New-car dealers expect a decline after 2001 surge

Autos: Analysts see big bargains on used cars and more financial restructuring of the worldwide industry.


January 20, 2002|By Ted Shelsby | Ted Shelsby,SUN STAFF

New-car retailers ended 2001 on a synthetic high, and now it's time to come back down to earth.

Enticed by zero percent financing, consumers nearly kicked down the doors of auto showrooms as they went on a buying spree during the closing quarter last year that had new cars selling at a pace 25 percent above the record high.

But that was then, analysts say, and they are predicting sales declines of 2 percent to 5 percent for the year ahead.

Auto analysts also see big bargains for used-car shoppers, the continued financial restructuring of the worldwide auto industry that could result in the loss of at least one big-name manufacturer, and status quo for Maryland's two large automotive assembly plants.

"There is a lot of uncertainty in the industry at this time," said David E. Cole, executive director of the Center for Automotive Research in Ann Arbor, Mich. "There are so many variables that it's not easy to understand where the industry is headed in 2002."

He forecasts sales of new cars and light trucks at 15 million to 15.5 million units this year. This compares with sales of 17 million for the year just ended.

Cole said others are forecasting sales ranging from 14 million to 16.4 million vehicles.

Looking at Maryland, a Jacob J. Cohen, managing director of the auto dealers' group of American Express Tax and Business Services Inc., said that 60 percent of the state's auto retailers had their best year ever in 2001. The group provides financial services for many of the state's new-car dealerships.

Cohen foresees sales falling about 4 percent in Maryland this year, compared with a nearly 5 percent drop for the nation.

"Maryland's economy should fare a little better than the U.S. economy," he said. "Maryland also has more large dealerships selling a diversified selection of cars. They will have a better ability to afford the advertising needed to stimulate sales."

Peter Kitzmiller, president of the Maryland New Car and Truck Dealers Association, said state dealers could see sales drop 2 percent, 3 percent or even 4 percent this year. "It will depend on upon whether or not Maryland takes a big hit from the recession and how long the recession lasts," he said.

"The $64,000 question," Kitzmiller said, "is how many sales did the zero percent financing plans take out of first-quarter 2002 sales. It may not be as many as people think."

Kitzmiller said there is also a slight chance that the General Assembly will put more money into the pockets of consumers trading in their old cars.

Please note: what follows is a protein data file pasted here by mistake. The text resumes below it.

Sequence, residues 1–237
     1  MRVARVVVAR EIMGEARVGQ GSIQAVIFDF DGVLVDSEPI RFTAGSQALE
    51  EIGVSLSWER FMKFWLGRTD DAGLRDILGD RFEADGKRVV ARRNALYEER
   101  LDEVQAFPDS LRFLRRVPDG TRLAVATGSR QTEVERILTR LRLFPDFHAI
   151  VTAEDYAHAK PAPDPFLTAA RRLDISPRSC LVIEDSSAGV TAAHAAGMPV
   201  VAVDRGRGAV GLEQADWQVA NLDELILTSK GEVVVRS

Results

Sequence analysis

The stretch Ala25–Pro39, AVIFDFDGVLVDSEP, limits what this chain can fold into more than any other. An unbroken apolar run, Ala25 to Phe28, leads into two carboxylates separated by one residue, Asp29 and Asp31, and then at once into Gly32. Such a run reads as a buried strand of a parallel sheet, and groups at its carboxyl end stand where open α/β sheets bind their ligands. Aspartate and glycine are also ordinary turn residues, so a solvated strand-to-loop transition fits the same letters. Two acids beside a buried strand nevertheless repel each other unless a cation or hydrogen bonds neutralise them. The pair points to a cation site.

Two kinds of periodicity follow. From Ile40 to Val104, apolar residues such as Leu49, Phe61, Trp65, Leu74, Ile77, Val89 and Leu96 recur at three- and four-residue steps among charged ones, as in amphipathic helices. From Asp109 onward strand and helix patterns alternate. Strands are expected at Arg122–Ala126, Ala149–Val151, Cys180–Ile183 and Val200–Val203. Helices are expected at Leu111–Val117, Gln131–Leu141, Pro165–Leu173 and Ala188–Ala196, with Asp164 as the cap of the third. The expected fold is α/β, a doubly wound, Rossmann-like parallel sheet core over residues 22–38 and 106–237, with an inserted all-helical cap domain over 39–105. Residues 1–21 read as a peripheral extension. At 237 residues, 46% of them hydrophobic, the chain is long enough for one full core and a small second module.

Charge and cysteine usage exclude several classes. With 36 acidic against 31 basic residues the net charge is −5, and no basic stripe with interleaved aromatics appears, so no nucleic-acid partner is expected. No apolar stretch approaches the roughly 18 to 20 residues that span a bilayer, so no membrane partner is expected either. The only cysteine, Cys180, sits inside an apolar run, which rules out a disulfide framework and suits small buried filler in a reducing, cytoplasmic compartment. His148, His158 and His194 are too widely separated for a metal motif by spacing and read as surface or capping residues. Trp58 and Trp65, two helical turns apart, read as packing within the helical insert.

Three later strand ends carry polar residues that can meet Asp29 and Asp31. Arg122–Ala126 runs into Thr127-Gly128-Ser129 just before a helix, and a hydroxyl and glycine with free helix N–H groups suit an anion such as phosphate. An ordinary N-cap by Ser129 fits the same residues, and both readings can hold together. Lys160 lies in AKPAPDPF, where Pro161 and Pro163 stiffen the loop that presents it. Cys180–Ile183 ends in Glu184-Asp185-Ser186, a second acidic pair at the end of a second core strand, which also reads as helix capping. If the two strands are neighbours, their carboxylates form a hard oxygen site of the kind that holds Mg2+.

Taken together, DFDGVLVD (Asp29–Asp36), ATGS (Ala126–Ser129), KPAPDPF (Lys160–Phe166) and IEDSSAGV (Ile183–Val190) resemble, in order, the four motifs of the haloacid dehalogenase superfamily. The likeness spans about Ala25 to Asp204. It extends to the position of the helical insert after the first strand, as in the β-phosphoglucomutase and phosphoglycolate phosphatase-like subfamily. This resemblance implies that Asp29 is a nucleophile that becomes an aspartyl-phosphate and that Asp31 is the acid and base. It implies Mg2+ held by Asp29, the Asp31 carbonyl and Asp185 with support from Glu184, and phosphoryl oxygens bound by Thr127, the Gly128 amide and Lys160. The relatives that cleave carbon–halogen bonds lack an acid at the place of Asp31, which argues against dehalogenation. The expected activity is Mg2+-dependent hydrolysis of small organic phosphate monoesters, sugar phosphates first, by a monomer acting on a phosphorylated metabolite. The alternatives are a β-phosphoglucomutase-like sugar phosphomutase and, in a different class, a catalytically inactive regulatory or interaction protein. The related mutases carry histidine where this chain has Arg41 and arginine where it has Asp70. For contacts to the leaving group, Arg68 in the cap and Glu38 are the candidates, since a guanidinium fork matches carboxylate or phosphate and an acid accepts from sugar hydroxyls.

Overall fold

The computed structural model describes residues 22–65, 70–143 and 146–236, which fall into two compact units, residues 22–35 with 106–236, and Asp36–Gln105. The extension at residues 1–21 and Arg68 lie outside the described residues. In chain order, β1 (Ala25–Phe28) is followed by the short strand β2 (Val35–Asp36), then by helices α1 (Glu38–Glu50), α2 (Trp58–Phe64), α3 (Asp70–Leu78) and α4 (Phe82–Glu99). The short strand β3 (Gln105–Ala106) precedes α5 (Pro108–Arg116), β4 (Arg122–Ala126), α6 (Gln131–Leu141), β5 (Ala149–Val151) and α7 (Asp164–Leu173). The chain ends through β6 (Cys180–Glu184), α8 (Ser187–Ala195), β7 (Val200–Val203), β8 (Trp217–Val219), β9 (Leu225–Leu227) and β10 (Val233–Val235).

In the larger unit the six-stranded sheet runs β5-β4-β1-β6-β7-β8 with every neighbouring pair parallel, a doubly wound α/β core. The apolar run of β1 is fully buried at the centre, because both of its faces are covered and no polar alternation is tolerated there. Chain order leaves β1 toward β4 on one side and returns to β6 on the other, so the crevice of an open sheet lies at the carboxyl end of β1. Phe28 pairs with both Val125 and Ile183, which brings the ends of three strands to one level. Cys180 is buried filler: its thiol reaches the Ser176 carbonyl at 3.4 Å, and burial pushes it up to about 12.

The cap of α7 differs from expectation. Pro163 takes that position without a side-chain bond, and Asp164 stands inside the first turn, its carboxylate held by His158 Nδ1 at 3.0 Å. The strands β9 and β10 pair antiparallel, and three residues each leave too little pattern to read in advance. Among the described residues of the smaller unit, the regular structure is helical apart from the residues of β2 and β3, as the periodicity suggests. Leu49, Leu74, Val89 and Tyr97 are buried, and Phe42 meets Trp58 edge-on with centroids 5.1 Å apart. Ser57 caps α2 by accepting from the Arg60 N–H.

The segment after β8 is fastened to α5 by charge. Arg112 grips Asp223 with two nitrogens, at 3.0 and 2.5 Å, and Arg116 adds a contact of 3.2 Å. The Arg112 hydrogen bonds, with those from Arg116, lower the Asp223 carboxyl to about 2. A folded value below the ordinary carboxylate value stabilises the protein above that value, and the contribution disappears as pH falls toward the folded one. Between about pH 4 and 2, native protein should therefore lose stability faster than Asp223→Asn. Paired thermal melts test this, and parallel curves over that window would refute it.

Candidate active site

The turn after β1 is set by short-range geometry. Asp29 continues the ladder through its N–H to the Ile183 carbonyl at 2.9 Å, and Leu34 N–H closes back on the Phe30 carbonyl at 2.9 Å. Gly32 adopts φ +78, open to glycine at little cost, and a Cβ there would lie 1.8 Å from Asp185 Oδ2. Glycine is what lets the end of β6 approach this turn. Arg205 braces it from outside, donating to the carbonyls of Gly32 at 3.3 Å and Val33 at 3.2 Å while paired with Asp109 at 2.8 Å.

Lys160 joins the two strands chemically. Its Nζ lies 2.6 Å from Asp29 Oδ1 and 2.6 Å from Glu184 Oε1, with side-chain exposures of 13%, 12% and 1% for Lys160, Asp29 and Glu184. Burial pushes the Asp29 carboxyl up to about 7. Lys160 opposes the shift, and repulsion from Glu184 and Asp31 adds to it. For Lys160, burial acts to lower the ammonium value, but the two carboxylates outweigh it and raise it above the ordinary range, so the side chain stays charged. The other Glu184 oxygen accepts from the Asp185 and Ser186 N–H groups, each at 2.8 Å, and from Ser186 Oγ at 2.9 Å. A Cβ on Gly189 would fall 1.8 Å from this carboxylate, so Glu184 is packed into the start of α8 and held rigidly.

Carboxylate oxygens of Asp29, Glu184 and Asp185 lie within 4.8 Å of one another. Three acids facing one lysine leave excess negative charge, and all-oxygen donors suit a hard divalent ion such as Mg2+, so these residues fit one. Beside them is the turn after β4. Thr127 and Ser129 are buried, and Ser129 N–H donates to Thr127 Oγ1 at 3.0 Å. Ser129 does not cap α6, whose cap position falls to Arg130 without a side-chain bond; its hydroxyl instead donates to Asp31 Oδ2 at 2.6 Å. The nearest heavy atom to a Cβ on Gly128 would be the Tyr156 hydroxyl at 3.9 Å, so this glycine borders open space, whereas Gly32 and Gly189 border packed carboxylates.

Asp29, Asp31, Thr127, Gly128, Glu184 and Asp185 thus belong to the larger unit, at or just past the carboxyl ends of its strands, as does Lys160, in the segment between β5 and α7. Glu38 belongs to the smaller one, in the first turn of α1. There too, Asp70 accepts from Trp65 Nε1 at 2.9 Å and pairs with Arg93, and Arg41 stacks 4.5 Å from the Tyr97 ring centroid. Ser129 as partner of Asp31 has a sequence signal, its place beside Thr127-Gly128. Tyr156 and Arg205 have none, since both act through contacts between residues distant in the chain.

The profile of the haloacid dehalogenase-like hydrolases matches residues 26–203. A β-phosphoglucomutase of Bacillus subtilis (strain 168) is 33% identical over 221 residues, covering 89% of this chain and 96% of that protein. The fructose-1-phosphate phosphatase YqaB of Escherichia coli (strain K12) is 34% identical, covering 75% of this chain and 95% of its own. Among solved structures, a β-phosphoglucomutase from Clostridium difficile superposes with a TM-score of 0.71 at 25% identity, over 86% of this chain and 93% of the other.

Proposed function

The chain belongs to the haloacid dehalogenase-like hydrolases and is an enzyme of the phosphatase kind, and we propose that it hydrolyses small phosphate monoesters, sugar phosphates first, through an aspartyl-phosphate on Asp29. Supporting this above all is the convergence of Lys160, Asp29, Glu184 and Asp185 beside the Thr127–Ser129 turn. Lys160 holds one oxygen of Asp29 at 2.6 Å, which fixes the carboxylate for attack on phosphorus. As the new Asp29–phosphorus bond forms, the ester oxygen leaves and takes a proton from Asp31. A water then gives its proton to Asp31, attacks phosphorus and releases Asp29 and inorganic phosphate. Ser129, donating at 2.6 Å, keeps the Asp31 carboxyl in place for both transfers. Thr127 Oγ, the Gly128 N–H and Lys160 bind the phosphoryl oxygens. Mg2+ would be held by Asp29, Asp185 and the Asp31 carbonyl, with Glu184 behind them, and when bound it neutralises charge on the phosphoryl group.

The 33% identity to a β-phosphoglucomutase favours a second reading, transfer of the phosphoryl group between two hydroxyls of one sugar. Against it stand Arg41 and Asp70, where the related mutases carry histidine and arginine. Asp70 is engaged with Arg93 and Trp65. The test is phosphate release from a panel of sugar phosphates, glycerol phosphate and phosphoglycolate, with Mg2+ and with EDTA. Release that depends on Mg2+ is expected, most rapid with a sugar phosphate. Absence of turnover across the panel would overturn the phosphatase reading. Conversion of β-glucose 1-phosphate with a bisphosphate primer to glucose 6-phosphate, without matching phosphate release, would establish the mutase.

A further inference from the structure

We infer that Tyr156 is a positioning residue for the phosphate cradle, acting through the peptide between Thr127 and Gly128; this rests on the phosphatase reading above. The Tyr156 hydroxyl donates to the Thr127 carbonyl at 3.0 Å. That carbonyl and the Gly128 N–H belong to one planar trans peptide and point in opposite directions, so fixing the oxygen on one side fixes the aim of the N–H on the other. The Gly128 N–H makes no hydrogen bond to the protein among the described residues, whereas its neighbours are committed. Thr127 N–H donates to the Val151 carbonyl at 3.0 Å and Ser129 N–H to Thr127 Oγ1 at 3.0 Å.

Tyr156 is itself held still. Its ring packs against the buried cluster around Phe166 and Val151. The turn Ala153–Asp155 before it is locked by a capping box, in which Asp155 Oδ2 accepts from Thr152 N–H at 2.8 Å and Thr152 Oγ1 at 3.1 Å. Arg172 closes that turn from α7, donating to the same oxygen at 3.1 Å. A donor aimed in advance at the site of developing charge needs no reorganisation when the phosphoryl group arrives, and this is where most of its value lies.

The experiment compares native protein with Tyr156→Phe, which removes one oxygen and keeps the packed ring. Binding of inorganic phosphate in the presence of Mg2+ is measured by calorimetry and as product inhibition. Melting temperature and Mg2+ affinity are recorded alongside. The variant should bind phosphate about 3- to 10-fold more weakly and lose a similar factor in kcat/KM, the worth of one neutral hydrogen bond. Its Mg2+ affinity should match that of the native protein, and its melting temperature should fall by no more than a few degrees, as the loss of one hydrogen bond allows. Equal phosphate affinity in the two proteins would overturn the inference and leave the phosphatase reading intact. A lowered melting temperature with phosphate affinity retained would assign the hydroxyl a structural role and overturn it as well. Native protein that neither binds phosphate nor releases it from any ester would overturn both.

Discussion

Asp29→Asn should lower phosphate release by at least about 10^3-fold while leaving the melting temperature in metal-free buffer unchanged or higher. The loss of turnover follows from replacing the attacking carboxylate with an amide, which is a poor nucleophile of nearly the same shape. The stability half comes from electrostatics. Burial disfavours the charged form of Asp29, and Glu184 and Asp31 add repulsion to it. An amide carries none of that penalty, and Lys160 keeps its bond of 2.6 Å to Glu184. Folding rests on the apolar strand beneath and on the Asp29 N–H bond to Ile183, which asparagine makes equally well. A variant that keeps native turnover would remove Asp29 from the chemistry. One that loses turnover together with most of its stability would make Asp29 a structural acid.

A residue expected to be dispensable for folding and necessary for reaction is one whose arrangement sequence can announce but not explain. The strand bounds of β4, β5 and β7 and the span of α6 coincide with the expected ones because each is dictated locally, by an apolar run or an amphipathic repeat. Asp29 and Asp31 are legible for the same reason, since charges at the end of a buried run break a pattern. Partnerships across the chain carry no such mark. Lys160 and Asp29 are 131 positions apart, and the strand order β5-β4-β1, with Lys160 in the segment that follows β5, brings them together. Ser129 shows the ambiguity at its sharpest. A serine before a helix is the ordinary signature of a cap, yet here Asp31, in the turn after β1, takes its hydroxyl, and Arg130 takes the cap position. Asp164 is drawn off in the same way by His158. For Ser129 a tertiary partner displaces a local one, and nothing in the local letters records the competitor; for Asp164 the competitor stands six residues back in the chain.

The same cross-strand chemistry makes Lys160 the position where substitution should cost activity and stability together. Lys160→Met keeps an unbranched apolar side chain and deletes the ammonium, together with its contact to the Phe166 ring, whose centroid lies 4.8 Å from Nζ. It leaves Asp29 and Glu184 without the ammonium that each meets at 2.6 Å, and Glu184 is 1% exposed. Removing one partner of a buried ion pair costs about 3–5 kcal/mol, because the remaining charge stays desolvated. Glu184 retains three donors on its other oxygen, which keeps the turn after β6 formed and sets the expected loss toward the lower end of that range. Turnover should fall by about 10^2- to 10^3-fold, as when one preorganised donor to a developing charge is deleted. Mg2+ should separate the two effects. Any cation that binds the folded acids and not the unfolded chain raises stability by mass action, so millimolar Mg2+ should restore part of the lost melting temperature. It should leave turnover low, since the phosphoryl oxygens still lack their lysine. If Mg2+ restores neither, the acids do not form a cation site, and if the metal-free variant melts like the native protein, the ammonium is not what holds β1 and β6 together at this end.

He said Maryland is one of only five states that charges taxes on the full value of a new car when the consumer trades in an old car. Most states subtract the value of a trade-in before calculating the tax on a new vehicle purchased.

The dealer group wants the Maryland law changed, but gives passage of legislation little hope this year because of budget deficits. "We don't think it's fair for consumers in the state," Kitzmiller said.

In recent years, the law was changed to reduce the tax bite on the purchase of boats and recreational vehicles. "Right is right," he said. "If it's right for boats and recreational vehicles, it should be right for cars, which are more of a necessity."

The big savings this year will likely be on the used-car lots, according to George E. Hoffer, professor of automotive economics at Virginia Commonwealth University.

"During the first half of the year, used cars should be a good buy," he said. "So many people traded in their cars to take advantage of the interest-free financing plans and other incentives that there is a glut of used cars on the market. It's a buyer's market."

Hoffer said that these trade-ins, combined with cars coming off lease, will make used cars so attractive that they will likely put pressure on new models.

"Despite what the manufacturers are saying, there are going to be new incentives to sell cars," Hoffer said. "It may not be zero percent financing, but you can look for new incentives to offset the price of used cars and make new cars more attractive."

Hoffer and Cole noted that General Motors Corp. will be the big winner if gasoline prices remain low. "GM is heavily into the market for large SUVs [sport utility vehicles]," Cole said. "It will benefit greatly if gas prices stay low. GM has a lot of trucks with high profit margins."

Even without the benefit of low gas prices, Cole sees GM faring better than most competitors as the industry continues through a period of difficult restructuring. "They have greater financial resources to better cope with the expensive incentives needed to sell cars at this time," he said.

Cole said there continues to be excess capacity worldwide for auto production. "The industry is broken," he said. "It is not a survivable industry in its present form."

During 2002 and the years ahead, Cole said auto manufacturers will struggle to reduce their number of workers. He expects to see several U.S. vehicle assembly plants eliminate production shifts.

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